A sprawling storm system is making its way across the Eastern US, gearing up to hamper travel in the Northeast with a blanket of snow just as it finishes sweeping the Southeast with rounds of severe thunderstorms and flood threats.
The same system that soaked the Gulf Coast and Southeast over the weekend will develop into a Nor’Easter – an East coast storm driven by winds from the northeast – as it moves northward Monday and encounters colder air. It will then begin unleashing snow across the Northeast late Monday and through Tuesday.
Widespread heavy snowfall is forecast to set in Monday night from Pennsylvania through southern New York, where winter storm warnings and watches are in place. That includes Albany, New York and Scranton, Pennsylvania.
More than 2 inches of snow per hour could fall across the impacted region Monday night – coupled with wind gusts as strong as 40 mph, the weather service said.
On Tuesday, the threat shifts to southern New England, where cities including Boston and Hartford, Connecticut could see up to a foot of snow.
“Travel could be very difficult to impossible. Patchy blowing snow could significantly reduce visibility. The hazardous conditions will impact the Tuesday morning and evening commute,” the weather service said in an alert.
The snowy weather will be quite a change of pace for the region, as many cities in the Northeast are in the midst of their warmest winter on record.
Local officials have already begun gearing up for the incoming snow. New York Gov. Kathy Hochul on Saturday urged residents to watch the weather forecast and prepare for potentially hazardous travel conditions and power outages.
“I have directed State agencies to mobilize in preparation for this storm and urge everyone to watch for weather and travel updates as it develops,” Hochul said.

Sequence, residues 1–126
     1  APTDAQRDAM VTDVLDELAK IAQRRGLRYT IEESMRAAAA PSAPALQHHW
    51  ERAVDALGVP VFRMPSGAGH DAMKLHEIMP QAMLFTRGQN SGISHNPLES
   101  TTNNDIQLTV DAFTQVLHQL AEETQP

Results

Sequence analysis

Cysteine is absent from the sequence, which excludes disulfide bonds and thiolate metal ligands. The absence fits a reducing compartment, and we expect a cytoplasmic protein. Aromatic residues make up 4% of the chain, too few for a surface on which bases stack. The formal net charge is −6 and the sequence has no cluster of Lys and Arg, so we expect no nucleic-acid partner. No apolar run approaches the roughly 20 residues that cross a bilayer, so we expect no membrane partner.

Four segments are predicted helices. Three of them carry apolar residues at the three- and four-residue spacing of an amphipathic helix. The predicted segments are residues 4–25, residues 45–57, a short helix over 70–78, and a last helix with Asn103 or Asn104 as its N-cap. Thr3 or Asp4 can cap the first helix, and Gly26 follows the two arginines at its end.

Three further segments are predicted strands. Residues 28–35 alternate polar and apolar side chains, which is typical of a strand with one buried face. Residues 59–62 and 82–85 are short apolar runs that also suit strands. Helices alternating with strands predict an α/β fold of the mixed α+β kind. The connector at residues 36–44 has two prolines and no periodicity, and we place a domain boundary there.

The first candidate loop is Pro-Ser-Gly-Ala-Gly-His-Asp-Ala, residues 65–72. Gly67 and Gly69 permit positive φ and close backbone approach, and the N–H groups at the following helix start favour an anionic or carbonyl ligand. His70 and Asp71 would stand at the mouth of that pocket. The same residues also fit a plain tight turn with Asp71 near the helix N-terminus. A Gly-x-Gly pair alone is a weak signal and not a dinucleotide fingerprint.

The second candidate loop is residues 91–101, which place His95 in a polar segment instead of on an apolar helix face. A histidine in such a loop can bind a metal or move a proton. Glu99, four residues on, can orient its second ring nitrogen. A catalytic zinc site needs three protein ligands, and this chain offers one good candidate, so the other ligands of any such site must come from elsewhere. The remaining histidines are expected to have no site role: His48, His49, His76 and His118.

Moderate coastal flooding could also occur during high tide Tuesday along the Jersey Shore and parts of the New York and New England coasts, the weather service forecasted.
Though the storm systems shifts northward Monday, it is still not finished lashing the South with heavy rains and the threat of flash flooding, hail and scattered tornadoes.
Around 33 million people from Mississippi to the Florida Panhandle and into the Carolinas are at risk of severe thunderstorms and excess rainfall through Tuesday morning, according to the National Weather Service.
Major impacted cities include Birmingham and Montgomery, Alabama; Atlanta, Georgia; Jacksonville, Florida; and Charlotte, North Carolina.
Tornado watches were in place in parts of eastern Louisiana and southern Mississippi through early Monday. The weather service in Jackson, Mississippi warned of golf ball-sized hail, damaging winds and severe storms.
“Be prepared before you go to bed!” the weather service in New Orleans said Sunday in anticipation of the overnight conditions. The office advised people to keep their phones fully charged, be equipped with spare batteries and a flashlight, and prepare a shelter ahead of time. “Make sure everyone in your household knows where to go if a warning is issued for your area.”
Flood watches are also in effect Monday from central and eastern Alabama and southeastern Tennessee through Georgia and South Carolina due to the risk of excessive rainfall.
CNN Meteorologists Sara Tonks and Elisa Raffa contributed to this report.